by
Melnik, a Nevada prisoner, was charged with unauthorized or inappropriate use of the prison mail system after prison officials intercepted two envelopes addressed to him that contained methamphetamine in secret compartments in the enclosed letters. Melnik asked several times to examine the envelopes or copies of the envelopes, but those requests were denied or ignored. At the prison disciplinary hearing, images of the envelopes and information about their contents were the only evidence presented. Melnik testified that he was innocent and had been framed by other inmates but was found guilty.Melnik filed a 42 U.S.C. 1983 action against six former or current employees of the Nevada Department of Corrections, alleging they denied him the ability to examine the evidence before the prison disciplinary proceeding. The defendants sought summary judgment on the ground that they were entitled to qualified immunity. The Ninth Circuit affirmed the denial of their motion. Melnik had a constitutional right under the Due Process Clause of the Fourteenth Amendment to be permitted to examine documentary evidence for use in the prison disciplinary hearing; that right was clearly established at the time when Melnik was denied access to the material. View "Melnik v. Dzurenda" on Justia Law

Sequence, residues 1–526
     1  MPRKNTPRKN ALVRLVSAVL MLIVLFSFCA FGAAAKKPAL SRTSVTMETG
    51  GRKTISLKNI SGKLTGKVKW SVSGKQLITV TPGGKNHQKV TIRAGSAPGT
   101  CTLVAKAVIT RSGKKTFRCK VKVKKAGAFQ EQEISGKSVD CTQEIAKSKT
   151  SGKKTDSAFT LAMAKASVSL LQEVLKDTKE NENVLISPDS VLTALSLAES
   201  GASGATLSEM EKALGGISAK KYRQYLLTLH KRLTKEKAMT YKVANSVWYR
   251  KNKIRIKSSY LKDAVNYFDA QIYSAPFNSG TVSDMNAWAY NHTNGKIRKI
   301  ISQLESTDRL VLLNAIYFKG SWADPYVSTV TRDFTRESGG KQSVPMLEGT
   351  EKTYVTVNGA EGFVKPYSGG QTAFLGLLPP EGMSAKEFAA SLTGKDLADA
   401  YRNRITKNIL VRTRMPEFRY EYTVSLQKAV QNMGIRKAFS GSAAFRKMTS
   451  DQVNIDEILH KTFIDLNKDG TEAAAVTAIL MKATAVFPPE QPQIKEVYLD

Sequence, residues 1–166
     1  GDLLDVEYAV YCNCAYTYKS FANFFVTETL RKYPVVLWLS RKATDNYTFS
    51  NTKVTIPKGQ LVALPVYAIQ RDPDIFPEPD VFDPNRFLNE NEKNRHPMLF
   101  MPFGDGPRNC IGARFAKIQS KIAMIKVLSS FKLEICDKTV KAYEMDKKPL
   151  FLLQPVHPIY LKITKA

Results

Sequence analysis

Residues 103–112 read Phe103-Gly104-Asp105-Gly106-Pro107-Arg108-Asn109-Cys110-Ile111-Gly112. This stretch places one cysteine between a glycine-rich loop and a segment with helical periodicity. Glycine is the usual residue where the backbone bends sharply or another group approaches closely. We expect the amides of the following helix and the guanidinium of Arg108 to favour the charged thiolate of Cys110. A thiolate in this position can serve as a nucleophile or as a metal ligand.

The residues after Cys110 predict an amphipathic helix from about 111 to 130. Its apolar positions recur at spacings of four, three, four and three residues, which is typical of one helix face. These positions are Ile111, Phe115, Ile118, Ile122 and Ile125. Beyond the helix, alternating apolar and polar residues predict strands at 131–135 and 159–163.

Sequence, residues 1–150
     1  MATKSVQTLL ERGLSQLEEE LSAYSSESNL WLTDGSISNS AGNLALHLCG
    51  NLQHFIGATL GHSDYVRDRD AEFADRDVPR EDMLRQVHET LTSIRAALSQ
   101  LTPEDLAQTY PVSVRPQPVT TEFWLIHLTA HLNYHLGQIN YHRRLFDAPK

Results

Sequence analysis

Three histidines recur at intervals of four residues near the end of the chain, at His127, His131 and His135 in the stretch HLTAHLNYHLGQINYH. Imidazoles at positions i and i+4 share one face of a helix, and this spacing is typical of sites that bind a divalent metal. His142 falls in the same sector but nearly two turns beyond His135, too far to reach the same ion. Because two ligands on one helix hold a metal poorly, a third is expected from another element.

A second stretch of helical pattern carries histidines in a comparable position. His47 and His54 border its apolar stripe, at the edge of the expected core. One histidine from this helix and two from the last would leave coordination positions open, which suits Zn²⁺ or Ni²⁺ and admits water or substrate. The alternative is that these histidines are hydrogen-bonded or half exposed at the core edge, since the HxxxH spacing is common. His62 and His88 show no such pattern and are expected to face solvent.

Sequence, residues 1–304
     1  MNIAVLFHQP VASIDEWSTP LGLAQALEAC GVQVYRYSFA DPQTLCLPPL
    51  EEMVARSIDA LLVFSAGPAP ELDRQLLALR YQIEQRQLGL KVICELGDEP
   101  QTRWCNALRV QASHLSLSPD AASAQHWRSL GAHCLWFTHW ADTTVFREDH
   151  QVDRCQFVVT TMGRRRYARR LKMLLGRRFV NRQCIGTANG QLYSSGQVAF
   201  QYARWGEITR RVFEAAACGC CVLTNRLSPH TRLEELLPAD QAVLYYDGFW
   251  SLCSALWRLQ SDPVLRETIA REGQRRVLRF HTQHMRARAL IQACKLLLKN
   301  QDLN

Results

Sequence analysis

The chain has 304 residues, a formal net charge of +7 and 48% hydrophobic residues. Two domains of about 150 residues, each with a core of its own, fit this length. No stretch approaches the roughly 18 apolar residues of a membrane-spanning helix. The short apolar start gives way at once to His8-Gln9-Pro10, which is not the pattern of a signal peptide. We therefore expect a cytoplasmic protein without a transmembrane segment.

by